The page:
There are similarities between the strategic challenges faced by the dial-up ISP industry (which for the purpose of this post i will treat as just one company: AOL) and the recorded music industry. Both industries were recently sitting on some of the most lucrative businesses the world has ever known. Both industries also happened to peak at the same time: the late 90s. At peak, AOL had 35 million subscribers, each paying a monthly fee. At peak, the music industry was grossing $20B annually from CDs. Times were good.
The usual straw man argument leveled against the music industry is that there was a systemic failure to boldly embrace radical new technology-based business models. The industry “missed the boat”.
By way of contrast, AOL has been consistently making bold moves towards a new business model. AOL management was and is fully aware that the legacy “access” business will continue to decrease every year, one day reaching zero. Agressive moves have been made. Bebo was bought. Tim Armstrong was explicitly hired to come in and use what’s left of this dying cash cow to build a next generation advertising business. The Huffington Post was bought. Patch has had a great deal of money plowed into it. In the best way it knows how, AOL has been swinging for the fences.
The aforementioned bold moves seem to have inspired more criticism than praise from investors & press. Why? Because these strategic moves could easily fail. The jury is still out.
On the other hand, we can contrast AOL’s moves with what the music industry has been doing to save itself. With a few exceptions, the music industry relies upon licensing relationships to participate in new business models, rather than the direct creation and marketing of products to consumers.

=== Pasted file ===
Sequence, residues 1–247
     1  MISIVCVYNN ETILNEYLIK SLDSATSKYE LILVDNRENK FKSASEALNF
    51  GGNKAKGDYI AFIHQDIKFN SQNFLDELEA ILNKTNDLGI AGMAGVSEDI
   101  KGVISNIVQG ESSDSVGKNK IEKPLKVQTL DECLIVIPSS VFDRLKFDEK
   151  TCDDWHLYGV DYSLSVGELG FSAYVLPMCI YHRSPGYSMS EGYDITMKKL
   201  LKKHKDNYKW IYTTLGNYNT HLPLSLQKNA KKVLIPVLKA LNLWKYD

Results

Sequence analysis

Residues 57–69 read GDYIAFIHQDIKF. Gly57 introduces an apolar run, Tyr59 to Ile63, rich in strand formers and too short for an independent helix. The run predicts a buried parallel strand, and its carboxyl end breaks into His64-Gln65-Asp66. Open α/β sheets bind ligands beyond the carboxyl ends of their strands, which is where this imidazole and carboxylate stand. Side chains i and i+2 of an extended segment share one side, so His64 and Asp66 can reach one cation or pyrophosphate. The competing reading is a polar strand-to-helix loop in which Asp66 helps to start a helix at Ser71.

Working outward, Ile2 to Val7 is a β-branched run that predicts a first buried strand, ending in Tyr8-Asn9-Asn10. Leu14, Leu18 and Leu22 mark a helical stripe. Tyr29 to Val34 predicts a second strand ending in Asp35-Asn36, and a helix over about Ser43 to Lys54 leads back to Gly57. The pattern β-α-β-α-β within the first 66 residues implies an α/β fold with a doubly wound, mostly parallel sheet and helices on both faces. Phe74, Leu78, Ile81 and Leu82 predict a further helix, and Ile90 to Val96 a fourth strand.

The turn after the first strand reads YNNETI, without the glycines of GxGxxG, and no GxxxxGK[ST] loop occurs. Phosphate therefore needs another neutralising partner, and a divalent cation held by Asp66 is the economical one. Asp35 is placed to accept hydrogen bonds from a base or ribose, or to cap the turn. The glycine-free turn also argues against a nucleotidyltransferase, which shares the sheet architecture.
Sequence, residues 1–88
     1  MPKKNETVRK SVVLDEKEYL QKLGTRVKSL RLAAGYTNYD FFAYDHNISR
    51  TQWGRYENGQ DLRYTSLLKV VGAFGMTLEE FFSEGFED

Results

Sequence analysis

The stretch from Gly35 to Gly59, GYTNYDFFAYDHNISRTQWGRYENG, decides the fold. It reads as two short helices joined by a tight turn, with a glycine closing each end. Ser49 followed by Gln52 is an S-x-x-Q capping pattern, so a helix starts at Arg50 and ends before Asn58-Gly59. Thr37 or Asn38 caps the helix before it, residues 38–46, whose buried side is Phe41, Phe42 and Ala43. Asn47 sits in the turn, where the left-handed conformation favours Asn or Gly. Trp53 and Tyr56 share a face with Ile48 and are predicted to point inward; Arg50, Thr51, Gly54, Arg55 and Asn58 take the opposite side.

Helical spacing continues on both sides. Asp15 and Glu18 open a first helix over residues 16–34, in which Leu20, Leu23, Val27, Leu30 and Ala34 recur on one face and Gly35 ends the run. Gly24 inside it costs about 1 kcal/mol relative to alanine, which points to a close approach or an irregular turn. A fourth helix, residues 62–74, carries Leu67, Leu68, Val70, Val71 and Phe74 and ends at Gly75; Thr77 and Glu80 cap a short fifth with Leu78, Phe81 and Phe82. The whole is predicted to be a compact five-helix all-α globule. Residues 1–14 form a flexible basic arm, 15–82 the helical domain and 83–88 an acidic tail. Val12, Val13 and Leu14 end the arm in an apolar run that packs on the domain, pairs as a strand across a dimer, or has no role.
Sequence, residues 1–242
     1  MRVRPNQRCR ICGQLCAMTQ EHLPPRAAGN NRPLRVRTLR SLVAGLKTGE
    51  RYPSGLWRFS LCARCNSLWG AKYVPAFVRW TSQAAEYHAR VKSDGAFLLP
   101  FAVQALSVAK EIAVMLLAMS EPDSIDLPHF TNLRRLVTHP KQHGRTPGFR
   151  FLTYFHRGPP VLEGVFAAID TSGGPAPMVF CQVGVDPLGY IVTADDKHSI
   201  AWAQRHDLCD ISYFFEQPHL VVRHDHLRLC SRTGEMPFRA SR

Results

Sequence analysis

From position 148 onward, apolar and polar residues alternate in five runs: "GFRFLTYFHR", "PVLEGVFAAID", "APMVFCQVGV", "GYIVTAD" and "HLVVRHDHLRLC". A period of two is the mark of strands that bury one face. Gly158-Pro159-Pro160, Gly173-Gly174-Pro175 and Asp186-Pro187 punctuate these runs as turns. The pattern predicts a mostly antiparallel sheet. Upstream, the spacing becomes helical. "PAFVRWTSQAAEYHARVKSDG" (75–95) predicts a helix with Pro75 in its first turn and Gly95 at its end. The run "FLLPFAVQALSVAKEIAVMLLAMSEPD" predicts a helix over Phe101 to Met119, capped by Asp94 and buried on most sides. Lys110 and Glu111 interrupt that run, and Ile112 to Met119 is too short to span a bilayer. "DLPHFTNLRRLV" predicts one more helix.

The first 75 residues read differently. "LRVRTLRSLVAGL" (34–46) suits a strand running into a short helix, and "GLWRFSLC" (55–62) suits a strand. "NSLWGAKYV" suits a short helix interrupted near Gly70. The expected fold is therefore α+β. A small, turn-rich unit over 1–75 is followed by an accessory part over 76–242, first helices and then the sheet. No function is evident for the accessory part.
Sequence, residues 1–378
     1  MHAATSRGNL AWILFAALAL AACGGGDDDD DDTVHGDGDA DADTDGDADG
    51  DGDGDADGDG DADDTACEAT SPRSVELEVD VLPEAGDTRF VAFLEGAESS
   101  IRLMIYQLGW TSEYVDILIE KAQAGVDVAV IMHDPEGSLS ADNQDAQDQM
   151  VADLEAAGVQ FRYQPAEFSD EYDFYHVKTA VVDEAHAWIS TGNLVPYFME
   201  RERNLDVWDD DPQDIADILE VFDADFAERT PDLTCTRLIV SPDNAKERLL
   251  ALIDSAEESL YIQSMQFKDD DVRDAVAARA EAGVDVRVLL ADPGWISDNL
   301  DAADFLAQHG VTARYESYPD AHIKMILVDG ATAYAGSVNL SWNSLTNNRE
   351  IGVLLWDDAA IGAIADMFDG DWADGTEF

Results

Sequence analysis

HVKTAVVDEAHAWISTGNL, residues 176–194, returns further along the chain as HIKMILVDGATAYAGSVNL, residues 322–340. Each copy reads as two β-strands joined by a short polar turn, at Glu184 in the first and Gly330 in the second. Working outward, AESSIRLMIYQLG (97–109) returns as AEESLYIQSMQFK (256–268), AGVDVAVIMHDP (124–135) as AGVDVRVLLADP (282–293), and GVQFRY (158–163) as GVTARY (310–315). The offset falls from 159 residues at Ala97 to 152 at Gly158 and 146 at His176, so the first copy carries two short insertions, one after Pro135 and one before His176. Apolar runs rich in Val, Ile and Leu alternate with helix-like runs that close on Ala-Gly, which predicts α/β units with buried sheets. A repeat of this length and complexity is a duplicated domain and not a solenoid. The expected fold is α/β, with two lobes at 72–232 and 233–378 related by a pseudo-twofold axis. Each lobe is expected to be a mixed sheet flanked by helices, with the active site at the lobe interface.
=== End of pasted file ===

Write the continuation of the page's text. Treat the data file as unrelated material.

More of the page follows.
The implicit philosophy of music industry licensing is: every deal is wired for success. The garden variety music licensing deal is generally constructed in a way that would make a Goldman Sachs partner smile.
Minimums payments, upfront payments, greater-of calculations between 3 different variables… it’s all there. There is also no shortage of innovation towards the creation of exotic business terms. For example I once heard that the labels now ask for (and get) “non-dilutable” equity in startups.
When you think about it, Beyond Oblivion is the case study for the most successful music licensing deal ever done. Why? Beyond Oblivion paid out a great deal of up-front money to work out licensing deals, then promptly shut down. Since the service never launched, none of the alleged non-refundable payments were related to the usage of music, so no money would then be paid out to artists. Sounds like breakage to me.
Some have said that the labels want Spotify to fail, but I personally don’t agree. If the deals were constructed properly, the labels should have no real preference whether or not Spotify fails. If every deal is wired, it doesn’t matter how successful any individual license-holder is. All that matters is that there are more deals to be done, and that there are constantly new licensees willing to pony up the cash.
Under this business philosophy, the music industry cares as much about which music service “wins” as ExxonMobil cares which gas station chain wins. It just doesn’t matter… as long as the money continues to roll in.
To recap, the AOL strategy to save themselves from a dying legacy business has been to make longshot bets. These longshot bets keep the risk/rewards on management’s shoulders. The music industry strategy has been to utilize financial engineering in order to push product & execution risk off as far away from their core business as possible.
Which strategy is better? I suppose it depends on what outcome you are optimizing for.